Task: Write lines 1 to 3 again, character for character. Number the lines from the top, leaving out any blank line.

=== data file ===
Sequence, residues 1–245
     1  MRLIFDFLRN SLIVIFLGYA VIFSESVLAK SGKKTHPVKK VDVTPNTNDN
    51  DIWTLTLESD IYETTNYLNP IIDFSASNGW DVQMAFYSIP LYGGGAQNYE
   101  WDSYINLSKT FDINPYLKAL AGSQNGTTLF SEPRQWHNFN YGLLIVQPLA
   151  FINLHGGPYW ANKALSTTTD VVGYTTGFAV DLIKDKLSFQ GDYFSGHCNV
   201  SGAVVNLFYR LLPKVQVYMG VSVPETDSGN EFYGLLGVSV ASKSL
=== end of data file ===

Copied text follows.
Sequence, residues 1–245
     1  MRLIFDFLRN SLIVIFLGYA VIFSESVLAK SGKKTHPVKK VDVTPNTNDN
    51  DIWTLTLESD IYETTNYLNP IIDFSASNGW DVQMAFYSIP LYGGGAQNYE